• Seminole Community College changes its name to Seminole State College of Florida.
• City commissioners approve a 15 percent water- and sewer-rate increase.
• Law enforcement agents raid a Sanford doctor’s office to investigate prescription fraud.
• Greater Sanford Regional Chamber of Commerce holds the 4th annual Bike Fest: Thunder in the Streets.
• Community Improvement director Trevor Hampton resigns from his position at city hall, Deputy Police Chief Darrel Presley is appointed interim director.
• The number of homeless students is determined to be more than 1,000.
• New fiscal year means city employees must take three weeks of furloughs throughout year.
• Seminole County receives its first shipment of the H1N1 swine flu vaccination.
• County Manager Cindy Coto resigns after budget disputes with county commissioners.
• Bear encounters in the county increase and a man in Heathrow is attacked after startling a bear by his garbage cans.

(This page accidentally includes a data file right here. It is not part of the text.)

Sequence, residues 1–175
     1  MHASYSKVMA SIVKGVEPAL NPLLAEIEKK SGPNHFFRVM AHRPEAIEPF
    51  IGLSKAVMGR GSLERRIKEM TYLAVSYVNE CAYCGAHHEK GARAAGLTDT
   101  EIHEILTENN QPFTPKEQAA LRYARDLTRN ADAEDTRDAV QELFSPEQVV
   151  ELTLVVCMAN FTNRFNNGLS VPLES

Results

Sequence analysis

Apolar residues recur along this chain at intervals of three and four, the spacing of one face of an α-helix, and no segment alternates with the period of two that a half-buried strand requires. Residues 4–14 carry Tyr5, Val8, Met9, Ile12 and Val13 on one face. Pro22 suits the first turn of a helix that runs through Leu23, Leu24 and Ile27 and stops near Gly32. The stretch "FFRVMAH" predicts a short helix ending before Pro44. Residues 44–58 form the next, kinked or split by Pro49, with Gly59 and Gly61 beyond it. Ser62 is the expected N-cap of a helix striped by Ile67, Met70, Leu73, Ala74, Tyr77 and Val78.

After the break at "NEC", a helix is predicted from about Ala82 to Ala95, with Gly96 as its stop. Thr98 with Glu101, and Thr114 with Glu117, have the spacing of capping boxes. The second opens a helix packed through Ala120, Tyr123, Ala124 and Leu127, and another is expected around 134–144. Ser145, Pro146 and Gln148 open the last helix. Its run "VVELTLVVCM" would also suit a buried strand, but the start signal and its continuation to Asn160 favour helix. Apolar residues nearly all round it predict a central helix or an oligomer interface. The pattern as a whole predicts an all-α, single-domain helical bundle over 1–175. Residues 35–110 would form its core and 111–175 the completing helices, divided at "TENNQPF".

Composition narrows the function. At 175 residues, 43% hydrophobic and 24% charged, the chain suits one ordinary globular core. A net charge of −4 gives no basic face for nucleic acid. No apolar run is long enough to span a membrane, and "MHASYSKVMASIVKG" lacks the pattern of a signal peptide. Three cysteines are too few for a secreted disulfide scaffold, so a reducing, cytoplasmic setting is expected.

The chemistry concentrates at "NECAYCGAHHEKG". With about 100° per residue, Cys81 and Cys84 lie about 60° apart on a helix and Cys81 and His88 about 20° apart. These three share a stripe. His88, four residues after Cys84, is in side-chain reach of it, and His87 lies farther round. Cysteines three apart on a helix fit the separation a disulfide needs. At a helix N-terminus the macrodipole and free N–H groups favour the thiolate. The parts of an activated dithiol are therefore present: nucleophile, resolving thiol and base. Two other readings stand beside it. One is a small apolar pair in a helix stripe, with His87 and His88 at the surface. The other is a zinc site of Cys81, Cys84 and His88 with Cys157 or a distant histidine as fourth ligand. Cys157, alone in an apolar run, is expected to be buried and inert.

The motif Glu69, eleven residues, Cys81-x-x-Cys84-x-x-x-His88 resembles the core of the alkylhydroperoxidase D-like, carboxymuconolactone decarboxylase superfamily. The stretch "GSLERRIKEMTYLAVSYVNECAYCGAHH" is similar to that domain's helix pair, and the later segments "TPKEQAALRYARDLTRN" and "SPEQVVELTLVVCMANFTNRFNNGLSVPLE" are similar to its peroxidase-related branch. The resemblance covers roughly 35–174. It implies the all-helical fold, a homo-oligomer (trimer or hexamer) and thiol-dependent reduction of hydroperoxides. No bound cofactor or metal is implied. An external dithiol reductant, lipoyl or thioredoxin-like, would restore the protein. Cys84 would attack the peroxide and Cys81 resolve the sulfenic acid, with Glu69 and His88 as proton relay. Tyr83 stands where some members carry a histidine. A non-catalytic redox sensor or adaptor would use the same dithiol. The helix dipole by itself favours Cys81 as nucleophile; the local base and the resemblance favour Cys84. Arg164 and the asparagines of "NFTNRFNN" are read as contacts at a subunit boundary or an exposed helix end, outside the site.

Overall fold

• IDignity is put on by local homeless-prevention group, Seminole Action Coalition Serving Our Needy.
• Seminole State College of Florida opens $17.6 million Center for Public Safety.
• Budget cuts force Seminole’s annual marching band festival to stop after 32 years.
• Lake Mary Heathrow Festival of the Arts is held in Heathrow.
• Willow Tree Café is named 2nd best German restaurant in the nation.
• Sanford’s first career criminal is sentenced to 15 years after the implementation of the C.R.O.P. Program.
• The president of the Seminole County Repertory Company, Derek Powell, resigns after conflicts over casting.